In the days that lead up to the test I found that most of my time was spent trying to chase down an off-by-one bug and in class brushing up on data structures and iterators. The earlier problem was resolved by spending roughly 5 hours running through the code inserting statements to help us see how the code was breaking and then exploring how to get GDB working with the eclipse CDT plugin. The latter was an exercise in note taking.
To recap the 5 common C++ iterators and the operators they provide are:
- Input: !=, ==, *(read only), ++
- Output: *(write only), ++
- Forward: all of input’s and it can read or write on *
- Bidirectional: all of forward’s and —
- Random Access: all of bidirectional’s and , +, -, <, >, <=, >=
As such if you want to make a method which accepts the most iterators you should only expect the operators provided by input or output and no others. However, < tends to be more robust as it will terminate in the case of the begining and the end iterator getting mixed up where inputs != won’t.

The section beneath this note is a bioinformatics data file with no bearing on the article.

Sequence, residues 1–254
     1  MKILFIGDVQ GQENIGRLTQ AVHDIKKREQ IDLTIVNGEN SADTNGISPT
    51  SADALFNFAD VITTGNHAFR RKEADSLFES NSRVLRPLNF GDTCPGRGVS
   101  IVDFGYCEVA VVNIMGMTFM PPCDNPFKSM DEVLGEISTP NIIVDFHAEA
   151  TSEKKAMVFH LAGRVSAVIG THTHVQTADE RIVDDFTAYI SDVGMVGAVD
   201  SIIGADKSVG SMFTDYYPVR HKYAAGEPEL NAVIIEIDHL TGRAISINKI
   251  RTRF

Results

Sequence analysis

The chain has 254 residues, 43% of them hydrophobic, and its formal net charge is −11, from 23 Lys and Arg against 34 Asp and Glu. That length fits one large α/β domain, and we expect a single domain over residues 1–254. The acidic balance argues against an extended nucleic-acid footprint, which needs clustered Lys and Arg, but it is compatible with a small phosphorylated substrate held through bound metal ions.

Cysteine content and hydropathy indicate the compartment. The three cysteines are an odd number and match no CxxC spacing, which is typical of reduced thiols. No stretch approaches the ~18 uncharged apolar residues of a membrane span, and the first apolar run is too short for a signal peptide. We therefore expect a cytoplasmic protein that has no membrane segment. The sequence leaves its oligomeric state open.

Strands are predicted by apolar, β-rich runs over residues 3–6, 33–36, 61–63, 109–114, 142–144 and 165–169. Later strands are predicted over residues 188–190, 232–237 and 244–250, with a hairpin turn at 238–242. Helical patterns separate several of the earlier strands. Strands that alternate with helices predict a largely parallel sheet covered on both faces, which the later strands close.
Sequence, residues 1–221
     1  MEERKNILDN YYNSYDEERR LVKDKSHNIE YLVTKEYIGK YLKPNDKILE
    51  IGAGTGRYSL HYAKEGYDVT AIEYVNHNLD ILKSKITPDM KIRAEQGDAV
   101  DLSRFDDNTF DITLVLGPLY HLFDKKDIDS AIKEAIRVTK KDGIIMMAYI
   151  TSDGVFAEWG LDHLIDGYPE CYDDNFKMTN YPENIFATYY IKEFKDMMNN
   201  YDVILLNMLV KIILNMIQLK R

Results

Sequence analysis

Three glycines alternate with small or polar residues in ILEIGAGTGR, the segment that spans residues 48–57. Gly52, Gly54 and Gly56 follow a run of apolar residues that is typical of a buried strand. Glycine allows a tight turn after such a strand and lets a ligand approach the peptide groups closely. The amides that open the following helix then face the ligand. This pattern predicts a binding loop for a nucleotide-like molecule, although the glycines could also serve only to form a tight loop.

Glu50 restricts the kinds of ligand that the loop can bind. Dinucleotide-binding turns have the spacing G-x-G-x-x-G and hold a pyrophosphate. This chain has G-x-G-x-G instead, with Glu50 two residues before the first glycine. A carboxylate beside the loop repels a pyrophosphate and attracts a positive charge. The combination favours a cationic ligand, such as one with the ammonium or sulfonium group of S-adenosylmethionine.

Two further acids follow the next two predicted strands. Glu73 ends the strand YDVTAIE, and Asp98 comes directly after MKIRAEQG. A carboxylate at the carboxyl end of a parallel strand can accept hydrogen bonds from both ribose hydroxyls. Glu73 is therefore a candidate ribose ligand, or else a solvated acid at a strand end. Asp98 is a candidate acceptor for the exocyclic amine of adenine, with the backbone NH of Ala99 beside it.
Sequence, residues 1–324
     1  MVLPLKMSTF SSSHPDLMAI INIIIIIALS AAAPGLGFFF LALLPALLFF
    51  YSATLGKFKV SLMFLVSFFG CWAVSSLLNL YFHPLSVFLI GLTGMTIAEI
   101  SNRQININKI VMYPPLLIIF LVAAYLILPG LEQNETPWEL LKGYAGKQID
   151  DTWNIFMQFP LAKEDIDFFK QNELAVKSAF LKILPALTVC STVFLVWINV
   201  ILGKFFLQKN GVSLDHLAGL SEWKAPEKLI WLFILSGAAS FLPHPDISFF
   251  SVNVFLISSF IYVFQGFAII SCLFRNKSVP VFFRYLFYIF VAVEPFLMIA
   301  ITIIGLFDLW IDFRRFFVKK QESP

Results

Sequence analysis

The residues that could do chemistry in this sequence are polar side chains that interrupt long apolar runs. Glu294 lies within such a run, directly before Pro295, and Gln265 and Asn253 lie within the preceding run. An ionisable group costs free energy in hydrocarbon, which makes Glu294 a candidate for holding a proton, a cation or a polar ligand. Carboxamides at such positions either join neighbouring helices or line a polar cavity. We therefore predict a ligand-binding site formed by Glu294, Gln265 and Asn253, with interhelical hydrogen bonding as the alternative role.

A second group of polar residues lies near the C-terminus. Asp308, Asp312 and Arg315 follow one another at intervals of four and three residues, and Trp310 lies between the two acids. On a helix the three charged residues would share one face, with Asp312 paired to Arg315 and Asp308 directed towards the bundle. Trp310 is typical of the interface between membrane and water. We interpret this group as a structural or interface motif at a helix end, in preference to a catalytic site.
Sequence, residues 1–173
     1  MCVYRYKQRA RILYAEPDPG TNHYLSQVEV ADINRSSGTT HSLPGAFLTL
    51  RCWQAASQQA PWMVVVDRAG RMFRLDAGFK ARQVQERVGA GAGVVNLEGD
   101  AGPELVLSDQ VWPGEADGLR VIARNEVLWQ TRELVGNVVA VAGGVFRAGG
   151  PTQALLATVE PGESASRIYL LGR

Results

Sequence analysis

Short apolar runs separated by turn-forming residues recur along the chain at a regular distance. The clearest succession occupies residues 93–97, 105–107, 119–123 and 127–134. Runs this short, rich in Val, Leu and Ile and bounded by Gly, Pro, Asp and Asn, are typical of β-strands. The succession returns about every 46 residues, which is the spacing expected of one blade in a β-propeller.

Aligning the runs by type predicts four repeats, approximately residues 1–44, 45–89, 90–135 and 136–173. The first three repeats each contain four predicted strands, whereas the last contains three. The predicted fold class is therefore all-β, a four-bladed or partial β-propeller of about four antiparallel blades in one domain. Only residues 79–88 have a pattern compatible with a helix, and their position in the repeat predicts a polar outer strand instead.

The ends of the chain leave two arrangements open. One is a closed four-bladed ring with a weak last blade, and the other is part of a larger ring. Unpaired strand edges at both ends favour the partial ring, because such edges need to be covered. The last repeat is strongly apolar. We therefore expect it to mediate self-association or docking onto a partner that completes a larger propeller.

In the data structures discussed we looked at cost of selecting, removing, and adding elements which belong to various structures…. most of this discussion was review to me but the discussion continued to the different underlying data structures that could be used to build stacks, queues, and priority structures and this was something that I had not thought about. In summary the subcomponents were vectors, linked lists, and tree structures and stacks can use any of these, queues can use any but vectors, and priority queues can use any but linked lists.